While some MPs genuinely need four-wheel drive vehicles – because of the terrain in their constituencies – the majority don’t, so any car costing as little as Shs 50m can take an MP around conveniently in 90% of the constituencies.

In fact, in developed countries like Norway and Netherlands (which ironically give ‘poor’ Uganda millions of dollars in aid every year) Members of Parliament do not cruise around in luxury cars at the taxpayer’s expense. I remember once interacting with a Norwegian MP who told me that she uses public transport to go to Parliament.

Speaker Rebecca Kadaga has defended the luxury cars saying even LC1s were to get bicycles and Gombolola chiefs were to get motorcycles. But while there are bicycles that cost Shs 500,000 each and motorcycles that cost Shs15 million each, the government most probably chose cheaper models. Definitely, taxpayers would be within their rights to complain if Gombolola chiefs were to ride motorcycles priced at Shs 10 million yet there are cheaper models that cost far less than that and do a similar job.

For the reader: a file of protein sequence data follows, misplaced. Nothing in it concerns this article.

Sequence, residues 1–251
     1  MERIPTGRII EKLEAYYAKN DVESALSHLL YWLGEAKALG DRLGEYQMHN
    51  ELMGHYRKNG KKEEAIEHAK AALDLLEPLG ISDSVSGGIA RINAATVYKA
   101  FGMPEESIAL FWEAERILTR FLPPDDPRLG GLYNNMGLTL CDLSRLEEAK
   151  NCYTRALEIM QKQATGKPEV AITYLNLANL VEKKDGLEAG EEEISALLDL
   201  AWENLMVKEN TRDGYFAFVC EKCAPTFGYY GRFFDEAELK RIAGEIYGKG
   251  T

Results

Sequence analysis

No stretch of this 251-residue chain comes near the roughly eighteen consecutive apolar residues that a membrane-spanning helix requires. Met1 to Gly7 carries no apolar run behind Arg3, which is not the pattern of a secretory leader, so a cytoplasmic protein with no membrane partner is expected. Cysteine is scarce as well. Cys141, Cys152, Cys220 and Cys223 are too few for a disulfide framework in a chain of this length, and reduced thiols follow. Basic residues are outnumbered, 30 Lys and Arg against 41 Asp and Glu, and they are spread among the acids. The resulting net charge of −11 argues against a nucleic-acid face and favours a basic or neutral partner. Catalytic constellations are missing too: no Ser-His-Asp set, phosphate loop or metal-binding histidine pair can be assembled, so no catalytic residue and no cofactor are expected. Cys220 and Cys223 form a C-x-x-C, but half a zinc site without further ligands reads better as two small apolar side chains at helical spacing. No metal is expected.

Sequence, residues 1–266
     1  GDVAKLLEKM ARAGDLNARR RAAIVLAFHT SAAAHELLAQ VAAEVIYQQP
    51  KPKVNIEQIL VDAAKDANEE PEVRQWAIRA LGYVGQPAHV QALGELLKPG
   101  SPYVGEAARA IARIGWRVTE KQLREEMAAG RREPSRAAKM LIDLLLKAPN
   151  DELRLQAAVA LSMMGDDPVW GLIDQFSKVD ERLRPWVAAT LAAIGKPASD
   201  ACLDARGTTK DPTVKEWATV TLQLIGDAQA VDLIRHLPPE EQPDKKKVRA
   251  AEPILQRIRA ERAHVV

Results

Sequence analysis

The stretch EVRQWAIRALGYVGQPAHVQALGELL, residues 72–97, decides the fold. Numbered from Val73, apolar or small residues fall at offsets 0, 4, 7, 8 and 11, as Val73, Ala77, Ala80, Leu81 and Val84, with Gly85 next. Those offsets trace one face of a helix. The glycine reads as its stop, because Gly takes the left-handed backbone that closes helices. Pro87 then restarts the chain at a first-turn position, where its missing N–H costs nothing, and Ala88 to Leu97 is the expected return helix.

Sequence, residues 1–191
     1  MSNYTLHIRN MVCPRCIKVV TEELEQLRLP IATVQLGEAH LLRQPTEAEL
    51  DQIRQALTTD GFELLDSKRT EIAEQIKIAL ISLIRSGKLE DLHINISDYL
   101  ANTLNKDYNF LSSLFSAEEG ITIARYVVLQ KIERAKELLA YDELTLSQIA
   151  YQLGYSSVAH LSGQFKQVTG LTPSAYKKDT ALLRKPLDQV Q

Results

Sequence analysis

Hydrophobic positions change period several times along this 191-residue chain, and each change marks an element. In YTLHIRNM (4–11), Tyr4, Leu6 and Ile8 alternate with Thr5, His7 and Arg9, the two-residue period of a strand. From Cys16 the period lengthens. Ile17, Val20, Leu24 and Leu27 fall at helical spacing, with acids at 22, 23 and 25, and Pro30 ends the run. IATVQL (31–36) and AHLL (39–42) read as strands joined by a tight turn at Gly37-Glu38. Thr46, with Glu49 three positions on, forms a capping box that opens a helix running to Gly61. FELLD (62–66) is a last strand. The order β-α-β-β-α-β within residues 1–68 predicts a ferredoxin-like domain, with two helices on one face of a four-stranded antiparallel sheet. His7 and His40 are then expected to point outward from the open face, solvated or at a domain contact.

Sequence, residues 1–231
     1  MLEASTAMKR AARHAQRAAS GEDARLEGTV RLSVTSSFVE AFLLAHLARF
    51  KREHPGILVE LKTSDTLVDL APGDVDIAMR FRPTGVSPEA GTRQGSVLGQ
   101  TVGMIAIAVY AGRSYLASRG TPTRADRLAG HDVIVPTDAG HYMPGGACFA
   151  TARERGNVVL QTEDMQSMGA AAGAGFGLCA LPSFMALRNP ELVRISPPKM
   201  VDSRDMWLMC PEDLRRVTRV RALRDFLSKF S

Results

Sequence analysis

Lastly, the other unintended consequence of Parliament’s extravagance is that it is breeding – actually it has already bred – a luxurious culture among other public officials who manage public resources. It sends a wrong signal to other public officials, who are expected to be more careful in how they use public funds. Now, in playing its watchdog role, what moral authority will this same Parliament have to demand that other departments and institutions handle public funds with more thriftiness?

In summary, I think given the circumstances, the government needs to recapture the ‘patriotic’ and frugal spirit of the 1980s. This probably highlights the urgent need for an independent body to be in charge of setting the remuneration and other benefits of Members of Parliament and other public officials.  But as it is, releasing all the Shs37 billion into circulation could spur the unintended consequences outlined above to the utter detriment of an economy barely able to stand on its feet.

Peter Nyanzi is a journalist